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Astros Land Zack Greinke At the Deadline to Become Overwhelming Favorite in the American League



Currently sitting 30 games above .500 at 69-39, the Houston Astros did not need to make any additions at the trade deadline to ensure their place in the playoffs.

They are one of the best-run organizations in baseball and have a path to contend for a championship this year and for years to come.

Yet despite having a great chance to win another World Series this year, the Astros decided to better their odds at the trade deadline, making a series of trades to improve their roster.

None of which looms as large as the addition of six-time All-Star Zack Greinke.

The Astros traded the Diamondback four prospects to land Greinke, with Arizona picking up a good portion of the remaining money left on Greinke’s deal.

Houston will pay Greinke $53 million for the remaining 2 1/2 years of his deal, making him an even more valuable addition to their roster.

By adding Greinke, the Astros now feature maybe the best 1-2-3 punch of any rotation in baseball.

Although Greinke struggled to adjust in his first year in Arizona, he has been an All-Star in each of the last three seasons with the Diamondbacks.

With two ERA titles, five Gold Gloves, nearly 200 wins and a career 3.36 ERA, Greinke is likely a Hall of Famer and he is being added to rotation that already features one in Justin Verlander.

Along with adding Greinke, the Astros also made trades to acquire Joe Biagini and Aaron Sanchez, adding two arms that will likely fortify Houston’s playoff bullpen.

Finally, the Astros made a trade to reunite with superb defensive catcher Martin Maldonado, giving them another key player towards the run prevention that will be needed to win in October.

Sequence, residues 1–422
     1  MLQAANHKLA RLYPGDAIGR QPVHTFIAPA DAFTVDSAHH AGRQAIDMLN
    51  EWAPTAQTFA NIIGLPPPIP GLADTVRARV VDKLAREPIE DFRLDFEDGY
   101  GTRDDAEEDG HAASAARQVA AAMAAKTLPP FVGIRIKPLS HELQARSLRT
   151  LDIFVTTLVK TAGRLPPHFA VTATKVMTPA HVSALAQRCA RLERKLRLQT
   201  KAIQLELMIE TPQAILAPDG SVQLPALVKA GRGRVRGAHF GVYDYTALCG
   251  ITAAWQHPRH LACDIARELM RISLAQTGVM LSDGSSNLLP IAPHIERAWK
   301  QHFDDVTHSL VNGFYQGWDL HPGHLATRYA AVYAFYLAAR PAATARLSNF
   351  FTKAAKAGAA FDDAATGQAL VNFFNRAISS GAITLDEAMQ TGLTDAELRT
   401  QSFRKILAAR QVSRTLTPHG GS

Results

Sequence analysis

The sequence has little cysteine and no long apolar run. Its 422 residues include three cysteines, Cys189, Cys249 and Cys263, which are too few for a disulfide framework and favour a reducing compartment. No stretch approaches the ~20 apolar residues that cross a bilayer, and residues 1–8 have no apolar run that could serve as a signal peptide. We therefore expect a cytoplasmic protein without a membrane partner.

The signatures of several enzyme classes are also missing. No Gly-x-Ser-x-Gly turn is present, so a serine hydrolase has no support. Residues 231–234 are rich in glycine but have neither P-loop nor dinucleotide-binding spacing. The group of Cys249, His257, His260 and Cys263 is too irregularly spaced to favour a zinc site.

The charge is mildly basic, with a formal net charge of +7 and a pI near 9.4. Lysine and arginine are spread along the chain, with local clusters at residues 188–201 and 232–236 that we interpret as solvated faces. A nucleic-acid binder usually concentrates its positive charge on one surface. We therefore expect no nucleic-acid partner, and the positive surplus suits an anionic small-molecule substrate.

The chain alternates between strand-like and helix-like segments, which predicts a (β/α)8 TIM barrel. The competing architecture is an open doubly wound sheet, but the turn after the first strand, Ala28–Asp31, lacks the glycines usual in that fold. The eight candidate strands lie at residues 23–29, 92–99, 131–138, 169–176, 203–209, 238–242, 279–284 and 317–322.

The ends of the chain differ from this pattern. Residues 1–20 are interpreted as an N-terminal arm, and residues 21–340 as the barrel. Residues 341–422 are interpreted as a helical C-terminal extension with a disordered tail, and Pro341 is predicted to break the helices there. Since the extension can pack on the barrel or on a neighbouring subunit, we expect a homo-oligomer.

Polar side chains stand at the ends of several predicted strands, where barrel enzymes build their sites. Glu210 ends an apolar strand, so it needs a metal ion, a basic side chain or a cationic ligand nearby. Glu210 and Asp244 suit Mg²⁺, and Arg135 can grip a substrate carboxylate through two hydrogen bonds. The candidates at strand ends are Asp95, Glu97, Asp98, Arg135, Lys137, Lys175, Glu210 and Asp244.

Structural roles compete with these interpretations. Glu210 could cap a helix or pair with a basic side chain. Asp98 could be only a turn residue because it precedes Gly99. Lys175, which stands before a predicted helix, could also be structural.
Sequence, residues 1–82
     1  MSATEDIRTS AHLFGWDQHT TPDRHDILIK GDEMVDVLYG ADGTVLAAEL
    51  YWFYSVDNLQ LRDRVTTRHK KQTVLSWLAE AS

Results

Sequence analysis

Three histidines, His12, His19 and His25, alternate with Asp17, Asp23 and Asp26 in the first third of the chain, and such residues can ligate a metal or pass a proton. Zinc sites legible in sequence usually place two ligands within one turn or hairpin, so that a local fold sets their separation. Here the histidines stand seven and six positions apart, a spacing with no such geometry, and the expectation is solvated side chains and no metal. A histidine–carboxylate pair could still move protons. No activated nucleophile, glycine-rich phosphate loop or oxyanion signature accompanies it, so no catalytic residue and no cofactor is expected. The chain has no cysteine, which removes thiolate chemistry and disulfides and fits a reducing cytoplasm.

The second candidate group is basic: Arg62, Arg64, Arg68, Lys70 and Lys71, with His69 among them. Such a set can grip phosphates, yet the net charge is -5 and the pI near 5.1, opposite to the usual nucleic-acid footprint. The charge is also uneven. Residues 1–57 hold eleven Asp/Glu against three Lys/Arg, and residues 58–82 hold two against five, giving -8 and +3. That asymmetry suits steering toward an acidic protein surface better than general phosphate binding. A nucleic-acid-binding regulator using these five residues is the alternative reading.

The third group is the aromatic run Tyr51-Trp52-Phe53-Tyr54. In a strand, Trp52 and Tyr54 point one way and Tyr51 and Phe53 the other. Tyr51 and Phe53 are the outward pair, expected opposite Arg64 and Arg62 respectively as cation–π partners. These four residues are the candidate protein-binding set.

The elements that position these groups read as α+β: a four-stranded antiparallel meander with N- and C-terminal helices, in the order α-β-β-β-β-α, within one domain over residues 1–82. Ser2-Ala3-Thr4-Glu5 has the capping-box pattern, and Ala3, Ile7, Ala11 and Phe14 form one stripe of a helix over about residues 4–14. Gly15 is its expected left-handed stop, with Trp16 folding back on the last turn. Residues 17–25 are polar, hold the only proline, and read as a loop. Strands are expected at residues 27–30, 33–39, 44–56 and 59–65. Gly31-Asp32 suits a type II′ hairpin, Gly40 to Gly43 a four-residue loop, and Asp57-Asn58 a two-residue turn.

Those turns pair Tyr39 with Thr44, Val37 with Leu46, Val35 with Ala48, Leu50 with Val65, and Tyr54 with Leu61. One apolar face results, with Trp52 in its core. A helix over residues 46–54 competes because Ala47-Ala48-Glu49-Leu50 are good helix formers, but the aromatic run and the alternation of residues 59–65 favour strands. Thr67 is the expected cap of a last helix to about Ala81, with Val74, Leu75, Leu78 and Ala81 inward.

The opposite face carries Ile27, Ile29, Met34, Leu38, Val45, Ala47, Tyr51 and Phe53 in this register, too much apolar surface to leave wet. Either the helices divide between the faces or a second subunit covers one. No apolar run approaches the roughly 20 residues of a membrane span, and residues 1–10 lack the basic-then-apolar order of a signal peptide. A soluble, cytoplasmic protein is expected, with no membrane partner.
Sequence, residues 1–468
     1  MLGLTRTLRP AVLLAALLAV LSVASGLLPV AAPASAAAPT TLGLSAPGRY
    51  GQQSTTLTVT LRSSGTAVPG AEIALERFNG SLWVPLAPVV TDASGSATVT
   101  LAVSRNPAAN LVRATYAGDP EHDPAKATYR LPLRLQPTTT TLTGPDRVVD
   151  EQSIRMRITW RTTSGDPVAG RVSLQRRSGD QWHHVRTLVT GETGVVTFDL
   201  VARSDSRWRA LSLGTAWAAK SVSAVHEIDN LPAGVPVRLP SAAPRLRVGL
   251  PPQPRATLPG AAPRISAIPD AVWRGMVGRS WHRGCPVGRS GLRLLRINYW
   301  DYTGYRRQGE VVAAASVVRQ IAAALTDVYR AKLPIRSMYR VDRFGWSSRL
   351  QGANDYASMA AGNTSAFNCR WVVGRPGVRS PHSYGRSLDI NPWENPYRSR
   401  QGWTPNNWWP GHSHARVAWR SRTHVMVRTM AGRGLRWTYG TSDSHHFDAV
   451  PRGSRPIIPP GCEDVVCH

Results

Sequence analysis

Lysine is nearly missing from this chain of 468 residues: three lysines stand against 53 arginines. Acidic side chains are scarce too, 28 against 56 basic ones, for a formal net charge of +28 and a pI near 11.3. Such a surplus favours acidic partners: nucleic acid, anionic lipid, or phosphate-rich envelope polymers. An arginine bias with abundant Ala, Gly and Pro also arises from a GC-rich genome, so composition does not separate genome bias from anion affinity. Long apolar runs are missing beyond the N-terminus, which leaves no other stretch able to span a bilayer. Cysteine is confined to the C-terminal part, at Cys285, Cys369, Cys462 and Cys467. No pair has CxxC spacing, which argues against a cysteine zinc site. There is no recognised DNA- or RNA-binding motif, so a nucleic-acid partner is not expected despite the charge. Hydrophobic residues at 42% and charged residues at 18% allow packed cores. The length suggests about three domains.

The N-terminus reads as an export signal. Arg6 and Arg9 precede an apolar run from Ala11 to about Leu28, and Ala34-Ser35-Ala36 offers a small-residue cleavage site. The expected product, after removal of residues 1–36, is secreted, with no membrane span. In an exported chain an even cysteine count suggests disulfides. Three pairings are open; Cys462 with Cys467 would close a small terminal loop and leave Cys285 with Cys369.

With all of these additions, the Astros are now the clear favorites to make it out of the American League and win their second pennant in three years.


The Chicago White Sox Are Here to Stay, & Here’s Why by Andres Chavez




When talking about Major League Baseball’s emerging powerhouses, the Los Angeles Dodgers, San Diego Padres, and New York Mets get all the headlines, perhaps rightfully so. After all, they were busy during the offseason and managed to get most of the high-profile free agents and trade targets.

However, one specific organization in the American League Central division is about to shatter all expectations: the Chicago White Sox. After several years of watching the Cleveland Indians and the Minnesota Twins advance to postseason play, the South Siders finished one game short of the division crown.

Led by an MVP season by slugger José Abreu  (.317/.370/.617 with 19 homers in 60 games, plus a jaw-dropping 60 runs batted in), the Pale Hose made it to the Wild Card round. There, Chicago lost to the Oakland A’s 2-1 in the best-of-three series.

White Sox fans should feel joy instead of disappointment because the team’s contention window is opening. They have a great core of talented hitters, from catcher Yasmani Grandal to young studs Nick Madrigal, Andrew Vaughn, Eloy Jiménez, and Luis Robert. Established stars such as Yoan Moncada, Abreu, Tim Anderson, and Adam Eaton, returning for the 2021 season, will guide the franchise and get the best out of the young talent.

In 2020, the unit was the second-best offense in the American League, judging by Weighted Runs Created Plus, or wRC+, a useful stat that encompasses offensive production like few others. The White Sox, as a whole, ran a collective 113 wRC+ last year (100 is considered “average”), only trailing the New York Yankees (116) in the junior circuit. However, if there was an area that the front office could improve, it was starting pitching. And boy, did they deliver.

On December 8, the White Sox acquired right-hander Lance Lynn from the Texas Rangers for Dane Dunning and Avery Weems. Lynn, who led the majors in innings during the 2020 campaign with 84 and finished with an excellent 3.32 ERA, is the type of power pitcher that can make sure Chicago can compete with the American League’s best teams in a playoff series. He and Lucas Giolito will form a formidable one-two punch at the top of the rotation. Dallas Keuchel, Dylan Cease, and Reynaldo López will complete the unit. If that’s not enough, Michael Kopech, who will start the year in the bullpen, is an option to make starts at some point in 2021. He was a top prospect not too long ago